My journey from DBA to DevOps

I’ve been working as a database engineer for over a decade, engineering enterprise data platforms. During the beginning of my career in early 2000, I chose the ‘safe’ path of being a DBA believing that relational systems being universal containers for storing critical data will never change. I started learning relational technologies like Oracle, MS-SQL, and eventually also learned Open Source systems including PostgreSQL & MySQL.

However contrary to my belief, enterprise technology did change a lot. Some things however remained constant like developers swinging by my cube to request a new database, performing DB refresh or tuning  a slow running query (my favorite). Sometimes these teams were frustrated with me when their app went down or when they couldn’t access their database. At times, my Dev and QA friends would come by my desk to learn what I was doing and even after my attempt to explain them how I am solving their production issue, they would walk away puzzled. I have grown up in this role realizing that a when things go wrong, the first one to be blamed is DBA (i.e. Default Blame Acceptor)

This was my life for long and as you might have guessed, it wasn’t very satisfying; professionally 😉

It was a vicious cycle of configuring environments, routine data refreshes, resolving outages, and late-night upgrades. The work which once gave meaning to my career, lately made me ask myself, “Is this it for a DBA?” , “Is it the time to change?”

The journey ahead…

I then started having discussions with my leaders, determined to find an answer to “What’s the future of my role?”.

During these discussions, I heard terms like Agile, Scrum, Continuous Delivery and DevOps. Since the last one was repeated more often than others, I started researching on “Skillset for DevOps”.

Initially I was all excited to learn a new skill set, maybe a new tool, however after multiple days of googling, I couldn’t find any specific Skill Set definition. During a follow-up discussion with my mentor, I learned something interesting,

“Think of DevOps as not a specific skill set, instead it’s a way of doing something.”

Wait, so all it means is Dev and Ops working together, that’s sounds weird! So now I have to learn all languages used by developers…C++, Java, Python…ugh? While I’ve been coding on PowerShell & SQL for infra automation, I never considered myself as a developer. Hmm…maybe that’s what needed to change.

Fast forward – Learning Go

In the past couple of years, there is a rise of a new programming language Go lang (or simply GO). Most developers in their code will have to interact with the database at some point in their project, and often that means working with PostgreSQL. I particularly got interested in learning Go’s integration with PostgreSQL. There are multiple Go libraries that allow Go PostgreSQL integration productive and fun. Excited about my journey and want to share whatever I’ve learned recently…so in the next few posts I’ll blog about PostgreSQL integration with Go.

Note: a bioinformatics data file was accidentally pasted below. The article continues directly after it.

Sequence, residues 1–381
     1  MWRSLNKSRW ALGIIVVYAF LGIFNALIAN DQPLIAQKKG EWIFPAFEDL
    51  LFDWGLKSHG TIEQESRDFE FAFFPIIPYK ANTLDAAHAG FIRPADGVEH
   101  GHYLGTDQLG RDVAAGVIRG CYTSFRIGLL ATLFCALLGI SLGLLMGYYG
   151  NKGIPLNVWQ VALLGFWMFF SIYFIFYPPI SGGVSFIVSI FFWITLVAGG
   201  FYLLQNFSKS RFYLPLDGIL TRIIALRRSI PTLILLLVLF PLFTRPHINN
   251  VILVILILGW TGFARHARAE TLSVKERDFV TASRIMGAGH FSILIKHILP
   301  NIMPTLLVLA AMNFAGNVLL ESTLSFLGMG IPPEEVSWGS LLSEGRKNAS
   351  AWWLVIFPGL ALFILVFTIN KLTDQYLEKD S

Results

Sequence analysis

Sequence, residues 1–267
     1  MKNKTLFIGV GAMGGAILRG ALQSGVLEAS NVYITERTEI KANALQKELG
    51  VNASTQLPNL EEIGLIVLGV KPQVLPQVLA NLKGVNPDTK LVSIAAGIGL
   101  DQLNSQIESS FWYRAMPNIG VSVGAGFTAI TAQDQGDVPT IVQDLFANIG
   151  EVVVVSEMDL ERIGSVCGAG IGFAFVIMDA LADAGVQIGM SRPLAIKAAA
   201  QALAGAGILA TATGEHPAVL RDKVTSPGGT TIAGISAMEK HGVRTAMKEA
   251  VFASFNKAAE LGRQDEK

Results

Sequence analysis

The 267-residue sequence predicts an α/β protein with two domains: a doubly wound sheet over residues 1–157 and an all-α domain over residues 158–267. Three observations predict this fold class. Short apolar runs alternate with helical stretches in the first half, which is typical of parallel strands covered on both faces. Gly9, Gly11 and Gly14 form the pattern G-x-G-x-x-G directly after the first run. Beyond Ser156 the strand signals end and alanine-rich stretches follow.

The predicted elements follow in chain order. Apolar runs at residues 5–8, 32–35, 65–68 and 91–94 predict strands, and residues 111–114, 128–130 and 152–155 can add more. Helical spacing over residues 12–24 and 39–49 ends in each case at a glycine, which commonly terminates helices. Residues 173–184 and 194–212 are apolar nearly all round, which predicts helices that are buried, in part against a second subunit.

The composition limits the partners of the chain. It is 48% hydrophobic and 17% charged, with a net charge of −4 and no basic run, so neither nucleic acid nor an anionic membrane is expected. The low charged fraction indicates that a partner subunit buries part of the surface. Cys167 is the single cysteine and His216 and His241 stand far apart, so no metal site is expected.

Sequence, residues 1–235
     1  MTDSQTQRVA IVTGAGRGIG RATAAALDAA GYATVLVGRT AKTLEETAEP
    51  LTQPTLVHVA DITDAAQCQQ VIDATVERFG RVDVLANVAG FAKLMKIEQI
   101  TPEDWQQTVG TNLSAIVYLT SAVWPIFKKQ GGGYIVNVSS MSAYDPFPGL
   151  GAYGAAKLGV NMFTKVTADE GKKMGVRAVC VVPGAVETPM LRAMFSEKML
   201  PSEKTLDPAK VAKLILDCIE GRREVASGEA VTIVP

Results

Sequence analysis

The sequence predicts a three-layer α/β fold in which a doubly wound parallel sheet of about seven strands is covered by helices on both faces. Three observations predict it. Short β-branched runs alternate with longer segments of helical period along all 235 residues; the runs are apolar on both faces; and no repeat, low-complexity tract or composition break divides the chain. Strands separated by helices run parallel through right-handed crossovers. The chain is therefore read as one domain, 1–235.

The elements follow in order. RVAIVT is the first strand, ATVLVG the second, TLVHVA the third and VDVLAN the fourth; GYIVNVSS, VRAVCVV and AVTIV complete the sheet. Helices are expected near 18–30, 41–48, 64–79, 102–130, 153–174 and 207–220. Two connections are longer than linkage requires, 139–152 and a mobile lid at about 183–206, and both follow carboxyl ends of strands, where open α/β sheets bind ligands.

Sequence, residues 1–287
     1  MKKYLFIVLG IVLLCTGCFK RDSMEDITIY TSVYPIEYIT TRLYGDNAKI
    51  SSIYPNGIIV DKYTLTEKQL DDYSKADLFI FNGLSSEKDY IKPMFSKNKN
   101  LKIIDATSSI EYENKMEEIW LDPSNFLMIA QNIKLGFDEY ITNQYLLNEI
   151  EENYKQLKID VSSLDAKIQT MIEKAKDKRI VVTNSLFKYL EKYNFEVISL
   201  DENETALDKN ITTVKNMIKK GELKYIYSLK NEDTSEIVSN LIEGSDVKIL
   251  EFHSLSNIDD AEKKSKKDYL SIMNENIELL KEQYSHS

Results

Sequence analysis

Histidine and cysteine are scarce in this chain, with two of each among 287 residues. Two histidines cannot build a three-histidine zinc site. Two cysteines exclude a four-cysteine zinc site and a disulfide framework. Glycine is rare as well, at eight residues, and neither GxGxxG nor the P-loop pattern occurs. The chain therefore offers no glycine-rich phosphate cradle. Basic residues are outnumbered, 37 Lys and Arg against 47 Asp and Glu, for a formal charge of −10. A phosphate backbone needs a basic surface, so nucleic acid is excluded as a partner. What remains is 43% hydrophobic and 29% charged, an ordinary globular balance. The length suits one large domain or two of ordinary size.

Disclaimer: By NO means I claim to be a Go expert and I am not going to teach Go lang. There’s a lot of great online courses and material for that. I am only going to share my learnings on Postgres integration with Go.

Connect to PostgreSQL in VS Code

VS Code has a rich extension API that let you add languages, debuggers, and tools to your installation to support easy development. PostgreSQL extension allows following:

  • Connect to PostgreSQL instances
  • View object DDL with ‘Go to Definition’ and ‘Peek Definition’
  • Write queries with IntelliSense
  • Run queries and save results as JSON, csv, or Excel

Download link: https://marketplace.visualstudio.com/items?itemName=ms-ossdata.vscode-postgresql

Using VS Code PostgreSQL extension

  1. Open the Command Palette Ctrl + Shift + P  (On mac use  ⌘ + Shift + P)

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  1. Search and select PostgreSQL: New Query

  2. In the command palette, select Create Connection Profile. Follow the prompts to enter your Postgres instance hostname, database, username, and password.

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You are now connected to your Postgres database. You can confirm this via the Status Bar (the ribbon at the bottom of the VS Code window). It will show your connected hostname, database, and user.

Now, let’s try to query database.

  1. Type a query ex. SELECT * FROM pg_stat_activity;

  2. Right-click, select Execute Query / keyboard shortcut [⌘M ⌘R] and the results will show in a new window.

6. You can also save the query results as JSONCSV or Excel.

So now, you can seamlessly code for PostgreSQL from Microsoft VS Code without switching screens, leverage powerful intellisense and execute queries.

Enjoy Coding!

IMP NOTE: Result windows from queries won´t show up again after being closed. This is bug with current version and is being worked by dev team. Workaround is either to keep the result window Open Or close / re-open the VS code window.